It is why we fight against injustice, hunger, abuse, slavery, racism, abortion. Yet the fight is daunting. It seems that when fire is extinguished, more–hotter and fiercer–spring up in its place. For every Mother Theresa there’s a Pol Pot, a Mao. For every Billy Graham there’s a Joel Osteen. Evil seems overwheming. Because we live in a world at war, in that in-between time. That period in history between Eden and the consolation of all things in Revelation. There is no going back; we can only, as all the heroes of the hall of faith recounted in Hebrews chapter eleven did, press on. Not receiving the promise, yet looking forward to that city with foundations.

Whose Builder and Maker is God.

Press. On.

Like Frodo and Sam on the path to Mt. Doom, or Christ on the way to the cross, there is only one way forwards:

Through the pain.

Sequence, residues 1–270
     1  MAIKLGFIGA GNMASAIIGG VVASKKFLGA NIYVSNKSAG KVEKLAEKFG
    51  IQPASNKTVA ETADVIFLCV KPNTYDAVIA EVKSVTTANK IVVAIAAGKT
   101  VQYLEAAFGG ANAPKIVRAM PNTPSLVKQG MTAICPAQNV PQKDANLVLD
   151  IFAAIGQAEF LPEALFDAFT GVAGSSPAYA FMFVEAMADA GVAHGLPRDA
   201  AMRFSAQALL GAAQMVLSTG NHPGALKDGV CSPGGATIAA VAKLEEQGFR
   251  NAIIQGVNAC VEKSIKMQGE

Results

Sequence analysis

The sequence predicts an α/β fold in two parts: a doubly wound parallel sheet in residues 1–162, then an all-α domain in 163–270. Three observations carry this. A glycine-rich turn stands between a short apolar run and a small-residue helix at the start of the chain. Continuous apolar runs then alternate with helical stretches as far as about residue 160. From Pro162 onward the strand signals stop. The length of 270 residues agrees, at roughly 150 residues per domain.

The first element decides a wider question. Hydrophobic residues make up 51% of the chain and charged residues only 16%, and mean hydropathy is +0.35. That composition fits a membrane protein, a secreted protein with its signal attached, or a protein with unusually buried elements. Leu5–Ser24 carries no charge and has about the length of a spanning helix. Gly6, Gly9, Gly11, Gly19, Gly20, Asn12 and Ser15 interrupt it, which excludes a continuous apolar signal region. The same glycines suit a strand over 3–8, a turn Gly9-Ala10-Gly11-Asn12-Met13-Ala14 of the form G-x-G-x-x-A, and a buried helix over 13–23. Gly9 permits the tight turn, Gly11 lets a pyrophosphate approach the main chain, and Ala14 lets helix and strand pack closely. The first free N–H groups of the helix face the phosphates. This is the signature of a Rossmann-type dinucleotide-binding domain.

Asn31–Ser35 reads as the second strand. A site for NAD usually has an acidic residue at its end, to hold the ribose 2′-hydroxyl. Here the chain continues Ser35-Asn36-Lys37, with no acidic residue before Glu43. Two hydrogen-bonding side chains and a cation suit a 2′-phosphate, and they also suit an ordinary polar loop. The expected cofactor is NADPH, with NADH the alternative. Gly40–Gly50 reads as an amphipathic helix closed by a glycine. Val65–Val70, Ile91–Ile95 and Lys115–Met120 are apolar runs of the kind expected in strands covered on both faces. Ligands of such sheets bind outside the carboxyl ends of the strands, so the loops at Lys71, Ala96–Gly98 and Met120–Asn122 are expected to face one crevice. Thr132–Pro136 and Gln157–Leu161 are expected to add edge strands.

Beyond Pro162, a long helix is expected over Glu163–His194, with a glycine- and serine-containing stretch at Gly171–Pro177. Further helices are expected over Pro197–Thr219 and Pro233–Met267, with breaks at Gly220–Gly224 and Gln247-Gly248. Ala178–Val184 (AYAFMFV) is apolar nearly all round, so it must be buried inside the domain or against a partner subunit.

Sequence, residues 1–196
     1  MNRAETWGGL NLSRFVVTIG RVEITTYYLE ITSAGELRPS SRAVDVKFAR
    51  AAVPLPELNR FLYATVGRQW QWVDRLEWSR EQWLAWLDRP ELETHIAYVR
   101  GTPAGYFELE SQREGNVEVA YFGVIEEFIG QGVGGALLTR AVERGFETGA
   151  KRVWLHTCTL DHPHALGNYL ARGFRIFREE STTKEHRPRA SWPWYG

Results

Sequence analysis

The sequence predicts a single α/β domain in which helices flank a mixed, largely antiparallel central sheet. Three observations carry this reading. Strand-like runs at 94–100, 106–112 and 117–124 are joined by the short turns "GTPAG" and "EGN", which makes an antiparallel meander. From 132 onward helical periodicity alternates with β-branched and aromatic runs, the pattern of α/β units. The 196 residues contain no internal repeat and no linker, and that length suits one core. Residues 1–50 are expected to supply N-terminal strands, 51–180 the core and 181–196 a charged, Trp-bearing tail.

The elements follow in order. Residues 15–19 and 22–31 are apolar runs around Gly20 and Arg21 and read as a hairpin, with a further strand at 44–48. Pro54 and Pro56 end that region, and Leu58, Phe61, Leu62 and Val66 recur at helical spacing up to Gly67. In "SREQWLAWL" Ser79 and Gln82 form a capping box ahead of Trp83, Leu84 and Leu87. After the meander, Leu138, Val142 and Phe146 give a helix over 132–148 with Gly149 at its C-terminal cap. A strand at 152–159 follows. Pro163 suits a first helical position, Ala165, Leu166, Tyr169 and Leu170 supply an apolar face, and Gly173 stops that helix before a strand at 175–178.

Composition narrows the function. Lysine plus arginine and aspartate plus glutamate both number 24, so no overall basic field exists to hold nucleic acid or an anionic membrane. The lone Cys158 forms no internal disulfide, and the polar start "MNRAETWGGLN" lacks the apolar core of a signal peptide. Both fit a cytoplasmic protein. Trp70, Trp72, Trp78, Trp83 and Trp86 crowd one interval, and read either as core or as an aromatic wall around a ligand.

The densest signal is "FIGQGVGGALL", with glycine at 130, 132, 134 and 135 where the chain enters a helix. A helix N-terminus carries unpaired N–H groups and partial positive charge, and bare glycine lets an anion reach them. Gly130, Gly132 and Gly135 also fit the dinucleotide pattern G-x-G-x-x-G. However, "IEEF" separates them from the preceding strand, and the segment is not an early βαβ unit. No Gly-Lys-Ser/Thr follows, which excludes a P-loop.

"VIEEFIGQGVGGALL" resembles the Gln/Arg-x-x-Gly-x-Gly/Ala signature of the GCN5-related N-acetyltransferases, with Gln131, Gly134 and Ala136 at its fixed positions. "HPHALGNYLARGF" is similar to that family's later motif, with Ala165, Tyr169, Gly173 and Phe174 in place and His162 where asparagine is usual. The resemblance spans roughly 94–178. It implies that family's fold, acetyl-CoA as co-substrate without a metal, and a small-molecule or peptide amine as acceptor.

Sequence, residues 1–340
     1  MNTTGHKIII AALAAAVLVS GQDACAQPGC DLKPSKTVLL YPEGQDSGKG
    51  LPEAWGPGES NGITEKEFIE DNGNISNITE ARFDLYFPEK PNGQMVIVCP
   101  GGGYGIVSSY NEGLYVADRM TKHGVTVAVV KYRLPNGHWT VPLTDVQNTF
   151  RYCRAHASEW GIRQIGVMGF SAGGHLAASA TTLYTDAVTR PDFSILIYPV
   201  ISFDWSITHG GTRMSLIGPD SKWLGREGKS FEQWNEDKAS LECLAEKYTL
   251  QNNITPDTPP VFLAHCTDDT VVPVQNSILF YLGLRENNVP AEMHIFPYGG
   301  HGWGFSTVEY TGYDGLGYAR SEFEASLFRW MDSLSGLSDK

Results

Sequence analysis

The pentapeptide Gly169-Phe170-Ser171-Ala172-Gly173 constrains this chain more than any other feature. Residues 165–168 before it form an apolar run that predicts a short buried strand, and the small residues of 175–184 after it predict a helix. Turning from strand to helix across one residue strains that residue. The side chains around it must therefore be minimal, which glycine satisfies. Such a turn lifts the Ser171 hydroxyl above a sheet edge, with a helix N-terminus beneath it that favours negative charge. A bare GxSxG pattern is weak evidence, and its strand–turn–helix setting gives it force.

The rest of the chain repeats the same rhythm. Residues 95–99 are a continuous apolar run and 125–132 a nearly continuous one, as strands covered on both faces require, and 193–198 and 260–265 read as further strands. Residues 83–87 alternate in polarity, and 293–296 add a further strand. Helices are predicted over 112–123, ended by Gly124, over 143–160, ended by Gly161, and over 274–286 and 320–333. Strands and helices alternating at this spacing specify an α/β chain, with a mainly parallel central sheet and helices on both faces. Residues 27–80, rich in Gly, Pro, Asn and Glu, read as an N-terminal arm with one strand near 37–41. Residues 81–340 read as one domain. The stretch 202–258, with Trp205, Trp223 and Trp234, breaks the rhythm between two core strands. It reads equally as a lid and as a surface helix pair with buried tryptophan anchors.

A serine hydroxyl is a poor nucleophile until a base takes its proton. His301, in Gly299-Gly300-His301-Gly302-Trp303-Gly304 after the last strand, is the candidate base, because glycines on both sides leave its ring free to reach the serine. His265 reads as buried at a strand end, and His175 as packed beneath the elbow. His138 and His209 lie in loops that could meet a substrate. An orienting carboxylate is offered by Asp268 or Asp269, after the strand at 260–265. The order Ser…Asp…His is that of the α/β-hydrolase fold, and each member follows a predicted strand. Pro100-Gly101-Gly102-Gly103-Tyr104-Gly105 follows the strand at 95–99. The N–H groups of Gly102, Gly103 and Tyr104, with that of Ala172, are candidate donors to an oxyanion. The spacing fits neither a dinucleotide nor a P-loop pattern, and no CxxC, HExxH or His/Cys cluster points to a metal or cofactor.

It seems all we want are happy, pain-free lives–think that because we’re Americans, or denizens of the enlightened West, that we are entitled to such. We forget that we neither live in Eden, nor in Heaven. That there will be pain, hardship, tears, evil. That good plans will sometimes come to naught. That this world is not as God would have it to be.

That we have a responsibility to partner with Him in setting things to rights….

It’s not all good.

But someday it will be.

Lord, haste the day.


© 2008 Andrew Kuznetsov, Flickr | CC-BY | via Wylio

A few years and many words ago, I had a tidy little community here. I would write something, and people would reply. Then that began tapering off.

And so did my output. Somewhere along the way, I lost my passion. Getting caught up in the engagement, I forgot what I’d even started for. I had goals both serious and superficial (the blog is, after all, called RandomlyChad). I wanted it to be a community for people who hadn’t gotten it all figured out, who had been stung a time or two by life, but still weren’t afraid to laugh.

Well, there isn’t much community here anymore, and I have no one to blame but myself. I forgot why I was here, and for whom I was writing. I’ve learned some lessons along the way: